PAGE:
25. In the pre-vaccination era, the maximum incidence was seen in children aged 5 - 9 years. By the age of 20, approximately 99% of subjects have been exposed to the virus. With the introduction of vaccine, measles infection has shifted to the teens in countries with an efficient programme.

26. In contrast, in third world countries, measles infection has its greatest incidence in children under 2 years of age. the disease is a serious problem with a high mortality (10%) with malnutrition being an important factor in developing countries In general measles mortality is highest in children < 2 years and in adults

27. Temporal pattern Peak in late winter–spring Communicability 4 days before to 4 days after rash onset.

30. Measles Vaccines

31. Measles Vaccine Composition Live virus Efficacy 95% (range, 90%-98%) Duration of Immunity Lifelong Schedule 2 doses Should be administered with mumps and rubella as MMR The seroconversion rate is 95% and the immunity lasts for at least 10 years or more, possibly lifelong

32. MMRV (ProQuad) Combination measles, mumps, rubella and varicella vaccine Approved children 12 months through 12 years of age (up to age 13 years) Titer of varicella vaccine virus in MMRV is more than 7 times higher than standard varicella vaccine

33. MMR Vaccine Failure Measles, mumps, or rubella disease (or lack of immunity) in a previously vaccinated person 2%-5% of recipients do not respond to the first dose Caused by antibody, damaged vaccine, record errors Most persons with vaccine failure will respond to second dose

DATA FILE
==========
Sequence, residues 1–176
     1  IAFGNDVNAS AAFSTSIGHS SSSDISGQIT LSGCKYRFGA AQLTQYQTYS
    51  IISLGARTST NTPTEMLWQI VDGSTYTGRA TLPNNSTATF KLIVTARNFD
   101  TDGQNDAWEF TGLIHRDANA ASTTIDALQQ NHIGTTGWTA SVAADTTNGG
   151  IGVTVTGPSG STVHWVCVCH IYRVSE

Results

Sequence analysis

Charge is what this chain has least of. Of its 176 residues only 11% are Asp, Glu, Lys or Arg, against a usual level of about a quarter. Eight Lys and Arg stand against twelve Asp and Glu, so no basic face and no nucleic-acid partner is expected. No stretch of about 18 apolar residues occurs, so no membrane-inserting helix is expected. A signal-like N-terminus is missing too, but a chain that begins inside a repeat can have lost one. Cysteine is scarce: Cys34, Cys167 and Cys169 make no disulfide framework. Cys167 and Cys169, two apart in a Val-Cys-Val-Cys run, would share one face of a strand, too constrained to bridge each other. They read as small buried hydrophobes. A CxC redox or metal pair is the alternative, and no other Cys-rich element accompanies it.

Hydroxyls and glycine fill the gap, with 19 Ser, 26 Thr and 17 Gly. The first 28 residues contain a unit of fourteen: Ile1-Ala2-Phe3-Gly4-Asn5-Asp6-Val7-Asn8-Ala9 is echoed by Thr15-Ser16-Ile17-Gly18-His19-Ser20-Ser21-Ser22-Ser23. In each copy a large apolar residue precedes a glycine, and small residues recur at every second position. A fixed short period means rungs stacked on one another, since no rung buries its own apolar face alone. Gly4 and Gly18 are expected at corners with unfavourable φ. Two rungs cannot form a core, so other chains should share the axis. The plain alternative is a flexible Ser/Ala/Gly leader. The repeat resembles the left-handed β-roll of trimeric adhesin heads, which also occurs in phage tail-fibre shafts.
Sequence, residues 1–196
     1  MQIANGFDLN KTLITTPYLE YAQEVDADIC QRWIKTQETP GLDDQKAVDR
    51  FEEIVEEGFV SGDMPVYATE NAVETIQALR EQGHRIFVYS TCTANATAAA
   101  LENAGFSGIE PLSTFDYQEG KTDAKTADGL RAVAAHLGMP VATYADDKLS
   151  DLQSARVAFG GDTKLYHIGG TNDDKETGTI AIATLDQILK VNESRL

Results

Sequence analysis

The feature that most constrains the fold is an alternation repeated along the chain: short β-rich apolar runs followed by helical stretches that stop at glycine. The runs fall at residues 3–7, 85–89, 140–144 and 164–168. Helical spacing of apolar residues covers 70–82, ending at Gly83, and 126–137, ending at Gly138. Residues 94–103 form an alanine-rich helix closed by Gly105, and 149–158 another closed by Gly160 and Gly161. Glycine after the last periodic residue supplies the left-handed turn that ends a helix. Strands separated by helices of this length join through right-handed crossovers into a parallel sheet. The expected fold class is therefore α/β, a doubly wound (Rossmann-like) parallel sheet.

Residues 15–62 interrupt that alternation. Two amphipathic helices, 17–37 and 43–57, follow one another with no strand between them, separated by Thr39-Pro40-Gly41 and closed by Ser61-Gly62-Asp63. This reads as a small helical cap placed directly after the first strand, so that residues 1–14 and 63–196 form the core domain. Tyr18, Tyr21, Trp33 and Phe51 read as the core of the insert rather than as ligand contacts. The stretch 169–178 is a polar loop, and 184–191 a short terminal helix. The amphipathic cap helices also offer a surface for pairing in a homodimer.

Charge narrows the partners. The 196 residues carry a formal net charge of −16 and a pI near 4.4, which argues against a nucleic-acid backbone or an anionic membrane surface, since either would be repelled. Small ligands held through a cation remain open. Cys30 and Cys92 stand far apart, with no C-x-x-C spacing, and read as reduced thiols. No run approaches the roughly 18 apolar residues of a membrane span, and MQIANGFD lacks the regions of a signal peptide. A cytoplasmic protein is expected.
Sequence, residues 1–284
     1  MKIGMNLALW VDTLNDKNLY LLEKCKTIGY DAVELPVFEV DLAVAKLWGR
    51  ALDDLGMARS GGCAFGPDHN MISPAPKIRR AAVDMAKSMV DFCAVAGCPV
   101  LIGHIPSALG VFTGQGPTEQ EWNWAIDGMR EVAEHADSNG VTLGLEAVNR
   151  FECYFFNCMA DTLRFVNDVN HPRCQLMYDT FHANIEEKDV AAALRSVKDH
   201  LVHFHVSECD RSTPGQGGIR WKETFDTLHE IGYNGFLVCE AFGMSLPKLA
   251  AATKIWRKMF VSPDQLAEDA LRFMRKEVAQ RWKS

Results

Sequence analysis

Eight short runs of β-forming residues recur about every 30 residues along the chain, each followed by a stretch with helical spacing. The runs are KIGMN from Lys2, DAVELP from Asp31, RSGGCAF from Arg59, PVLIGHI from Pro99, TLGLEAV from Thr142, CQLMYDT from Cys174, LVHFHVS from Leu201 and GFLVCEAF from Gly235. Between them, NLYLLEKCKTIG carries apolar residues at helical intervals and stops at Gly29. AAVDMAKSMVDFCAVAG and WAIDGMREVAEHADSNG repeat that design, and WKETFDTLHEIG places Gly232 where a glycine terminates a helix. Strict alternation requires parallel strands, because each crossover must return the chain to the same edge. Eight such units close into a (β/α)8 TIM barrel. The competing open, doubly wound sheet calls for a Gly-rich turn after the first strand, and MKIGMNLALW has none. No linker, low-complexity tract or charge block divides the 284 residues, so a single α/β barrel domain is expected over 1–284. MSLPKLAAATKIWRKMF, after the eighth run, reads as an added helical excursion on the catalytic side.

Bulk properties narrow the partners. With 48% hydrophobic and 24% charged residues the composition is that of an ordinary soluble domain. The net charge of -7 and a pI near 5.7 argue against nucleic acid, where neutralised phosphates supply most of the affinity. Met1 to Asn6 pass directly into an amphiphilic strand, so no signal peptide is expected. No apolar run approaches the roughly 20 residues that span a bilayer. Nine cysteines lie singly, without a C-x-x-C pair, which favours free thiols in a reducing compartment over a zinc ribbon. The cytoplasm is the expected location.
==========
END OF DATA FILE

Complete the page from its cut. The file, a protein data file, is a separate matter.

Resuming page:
34. Measles (MMR) Vaccine Indications All infants >12 months of age Susceptible adolescents and adults without documented evidence of immunity

35. Measles Mumps Rubella Vaccine 12 months is the recommended and minimum age MMR given before 12 months should not be counted as a valid dose Revaccinate at >12 months of age

36. Second Dose of Measles Vaccine Intended to produce measles immunity in persons who failed to respond to the first dose (primary vaccine failure) May boost antibody titers in some persons

37. Second Dose Recommendation First dose of MMR at 12-15 months Second dose of MMR at 4-6 years Second dose may be given any time >4 weeks after the first dose

38. MMR Adverse Reactions Fever 5%-15% Rash 5% Joint symptoms 25% Thrombocytopenia <1/30,000 doses Parotitis rare Deafness rare Encephalopathy <1/1,000,000 doses

39. MMR Vaccine and Autism Measles vaccine connection first suggested by British gastroenterologist Diagnosis of autism often made in second year of life Multiple studies have shown no association

40. MMR Vaccine and Autism “The evidence favors a rejection of a causal relationship at the population level between MMR vaccine and autism spectrum disorders (ASD).” - Institute of Medicine, April 2001

41. MMR Vaccine Contraindications and Precautions Severe allergic reaction to vaccine component or following prior dose Pregnancy Immunosuppression Moderate or severe acute illness Recent blood product

42. The use of live-attenuated vaccine for post-exposure prophylaxis is contraindicated.